Album: A Suffering Complete
Label: Sanctus Gladius Records
Release Date: 07/05/2013
Reviewer: John Magelssen
- Desperation’s Plea
- The Final Sunset
- Fall Unto Me
- The Fading
- A Suffering Complete
Agonal is a melodic death/doom metal band with some black metal influence, from Kentucky. The album A Suffering Complete is their latest record to come out with Sanctus Gladius Records. It is a seven-track album, which had an eighth track as a bonus for pre-orders. This album has a lot of gothic doom feel to it and is an overall great addition to the band’s history.
The record starts off with a song called “Wounded” which gently lulls you into thinking it will be a gentle song because the guitars slowly strum the main power chords of the song. This is a complete contrast to what the song really is. The synth strings come in with the drums and full band and hit it hard. The vocals of this band remind me a lot of some local bands that I listened to when I was just getting into the scene, but it isn’t a bad thing. They are on the good side of the spectrum for sure with a truly raspy sound. There are slower melodic spots when the guitar has an almost eerie feeling to it while the singer sings an almost lower muffled sound. It is an odd singing style, but fits with the music fairly well. There is a lot more double pedaling towards the end of this song and the drummer kicks it up from 16th notes to 32nd notes. It is a pretty good start to the record.
The next song, “Desperation’s Plea” is almost a ballad. It begins with an acoustic guitar and a clean electric guitar playing a very pretty melody. The song picks up and plays the same progression and melody, but with electrics and a full band to back them up. The song brings more strings in and uses them well. After a few bars, the song cuts back to the acoustic guitar and a clean voice comes in to sing. The singing makes me think of Ryan Clark from Demon Hunter a little bit and I really like his voice. There is a build up in the song using strings which I really like as well and there is a cool little guitar solo right after it. That is all I have on this song.
“The Final Sunset” begins with a staccato violin and brings the heavy guitars in behind it with the drums following the pattern of the guitars. A second guitar comes in and plays a simple melody over it, which sounds like a broken up arpeggio to me based on the root chords that are being played by the rhythm guitars. The song suddenly breaks into a slower ballad feel, but picks back up with triplet strumming patterns with the double pedal following it. There is another break and the vocals are a lot more focused on in this spot. The song gets back into the triplet chugs from the guitar and then breaks one more time. The song follows a pattern for the first half and then changes directions a little. It plays a little picking pattern on an acoustic guitar with some ambient sounds in the background until another stringed instrument comes in. I can’t tell if the bass is playing higher or if it is an electric playing with an odd tone. The acoustics ring out and then the song picks up from the chord progression being used with some double pedaling and some nice strings to back up the rhythm guitar. The song cuts out for the strings to end it.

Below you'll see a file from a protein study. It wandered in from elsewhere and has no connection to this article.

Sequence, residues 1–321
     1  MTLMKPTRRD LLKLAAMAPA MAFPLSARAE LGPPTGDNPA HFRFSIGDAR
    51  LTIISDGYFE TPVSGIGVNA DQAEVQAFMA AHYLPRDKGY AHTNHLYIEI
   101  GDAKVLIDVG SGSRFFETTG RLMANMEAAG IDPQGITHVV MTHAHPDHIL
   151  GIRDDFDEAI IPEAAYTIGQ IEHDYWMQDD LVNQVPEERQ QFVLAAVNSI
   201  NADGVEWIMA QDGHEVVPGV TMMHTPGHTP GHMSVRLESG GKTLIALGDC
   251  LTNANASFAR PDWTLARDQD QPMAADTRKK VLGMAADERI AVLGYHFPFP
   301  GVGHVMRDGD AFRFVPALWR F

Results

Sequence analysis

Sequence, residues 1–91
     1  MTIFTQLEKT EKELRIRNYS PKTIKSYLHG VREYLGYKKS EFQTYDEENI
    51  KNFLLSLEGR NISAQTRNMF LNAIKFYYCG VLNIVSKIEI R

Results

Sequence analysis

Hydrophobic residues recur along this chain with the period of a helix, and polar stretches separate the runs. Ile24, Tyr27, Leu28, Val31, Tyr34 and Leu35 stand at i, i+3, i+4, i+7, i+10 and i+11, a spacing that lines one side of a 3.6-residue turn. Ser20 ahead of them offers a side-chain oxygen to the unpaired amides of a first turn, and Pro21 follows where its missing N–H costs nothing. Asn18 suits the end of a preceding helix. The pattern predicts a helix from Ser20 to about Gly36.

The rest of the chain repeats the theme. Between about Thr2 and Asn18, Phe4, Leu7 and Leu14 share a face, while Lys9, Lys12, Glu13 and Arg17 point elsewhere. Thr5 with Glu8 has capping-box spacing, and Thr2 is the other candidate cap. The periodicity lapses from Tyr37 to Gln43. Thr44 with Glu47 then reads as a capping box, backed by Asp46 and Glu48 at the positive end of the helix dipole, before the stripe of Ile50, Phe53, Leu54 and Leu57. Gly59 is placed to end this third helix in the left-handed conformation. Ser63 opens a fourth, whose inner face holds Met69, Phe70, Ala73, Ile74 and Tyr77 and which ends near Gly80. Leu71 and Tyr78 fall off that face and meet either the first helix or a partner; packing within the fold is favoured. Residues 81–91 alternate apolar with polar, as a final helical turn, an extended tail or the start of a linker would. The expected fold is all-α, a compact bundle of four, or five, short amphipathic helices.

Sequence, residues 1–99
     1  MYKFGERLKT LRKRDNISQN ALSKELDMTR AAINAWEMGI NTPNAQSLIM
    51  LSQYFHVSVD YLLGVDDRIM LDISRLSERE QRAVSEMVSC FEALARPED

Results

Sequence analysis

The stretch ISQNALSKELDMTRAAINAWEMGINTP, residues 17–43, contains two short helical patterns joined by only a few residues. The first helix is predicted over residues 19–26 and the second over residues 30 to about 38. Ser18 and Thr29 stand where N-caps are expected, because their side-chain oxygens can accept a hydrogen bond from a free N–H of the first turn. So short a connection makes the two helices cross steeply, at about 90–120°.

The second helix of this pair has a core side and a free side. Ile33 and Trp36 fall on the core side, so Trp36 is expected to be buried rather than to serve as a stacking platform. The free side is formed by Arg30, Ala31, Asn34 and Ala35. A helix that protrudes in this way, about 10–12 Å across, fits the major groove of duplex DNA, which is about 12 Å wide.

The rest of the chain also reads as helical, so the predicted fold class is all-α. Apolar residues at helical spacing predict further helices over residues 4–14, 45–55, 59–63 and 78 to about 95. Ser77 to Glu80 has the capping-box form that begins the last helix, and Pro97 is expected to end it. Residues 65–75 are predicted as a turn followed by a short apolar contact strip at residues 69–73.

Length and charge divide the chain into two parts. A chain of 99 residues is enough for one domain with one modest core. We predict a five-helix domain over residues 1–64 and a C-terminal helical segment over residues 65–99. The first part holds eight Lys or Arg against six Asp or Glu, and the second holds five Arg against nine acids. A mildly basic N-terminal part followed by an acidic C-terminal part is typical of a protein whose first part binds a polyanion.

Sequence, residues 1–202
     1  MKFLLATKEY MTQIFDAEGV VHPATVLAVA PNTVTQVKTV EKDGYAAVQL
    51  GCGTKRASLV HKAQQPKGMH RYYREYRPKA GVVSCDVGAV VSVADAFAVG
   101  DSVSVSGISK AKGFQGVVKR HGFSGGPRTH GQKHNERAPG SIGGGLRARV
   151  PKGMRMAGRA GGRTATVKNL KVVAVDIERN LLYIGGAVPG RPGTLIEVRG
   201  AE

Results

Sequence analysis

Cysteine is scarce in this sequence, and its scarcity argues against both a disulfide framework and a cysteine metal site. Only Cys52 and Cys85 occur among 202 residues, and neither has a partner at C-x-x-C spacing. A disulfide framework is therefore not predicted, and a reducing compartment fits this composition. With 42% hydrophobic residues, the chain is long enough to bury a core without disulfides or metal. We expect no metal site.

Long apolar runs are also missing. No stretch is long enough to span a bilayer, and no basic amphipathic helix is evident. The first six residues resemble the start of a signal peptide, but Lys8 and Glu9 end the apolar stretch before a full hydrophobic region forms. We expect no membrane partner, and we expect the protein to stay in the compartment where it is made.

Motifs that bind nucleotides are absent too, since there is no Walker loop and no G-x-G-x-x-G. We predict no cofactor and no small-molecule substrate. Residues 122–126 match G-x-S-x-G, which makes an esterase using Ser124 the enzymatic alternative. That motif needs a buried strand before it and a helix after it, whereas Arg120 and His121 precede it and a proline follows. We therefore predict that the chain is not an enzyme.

The record ends the album with the title track, “A Suffering Complete.” This song starts with a piano playing softly as strings (a cello, violin, and upright bass) gently work their way into it. The full band comes in and an electric guitar takes the spot of the piano, but you can still the strings in the background. When the voices come in, it reminds me a little bit of Demon Hunter again, but it sounds a little more drone than DH. I think it is the second voice mixing with the first that does that. The heavy vocals come in for a moment before the song breaks down for another mere moment. The heavy doom metal sound starts to fill the atmosphere and some sick double pedaling from the drummer resonates as the guitars chug away. The song breaks again and the clean vocals come back in. The strings in the background remind me of Enya, which is kind of weird in a song from this kind of band. The song gets heavier again, but doesn’t pick up tempo immediately. There is a really neat spot when the heavy vocals are high and raspy while the guitars play a tremolo pattern with minimal drums. The song slows down and picks up a couple times before cutting to a clean guitar with a delay on it as strings play and a sound clip plays. I believe the sound clip is from one of the old Jesus movies that came out on VHS, but I cannot be sure. The band comes back in as the voice clip ends. The song dies down with just a piano at the end with another voice clip from the same video to end it.
Overall: This is a good record and definitely something to check out for those who like gothic doom metal. The heavy vocals are great, but the clean vocals could use a little work in a couple songs. The songs can be haunting at times, but the contrast works well for how beautiful the feelings being portrayed through the songs are. The genre Agonal plays is not a very popular one to try to break into, but I believe this album fits the genre well and is a good contribution to it.
RIYL: Draconian, Demon Hunter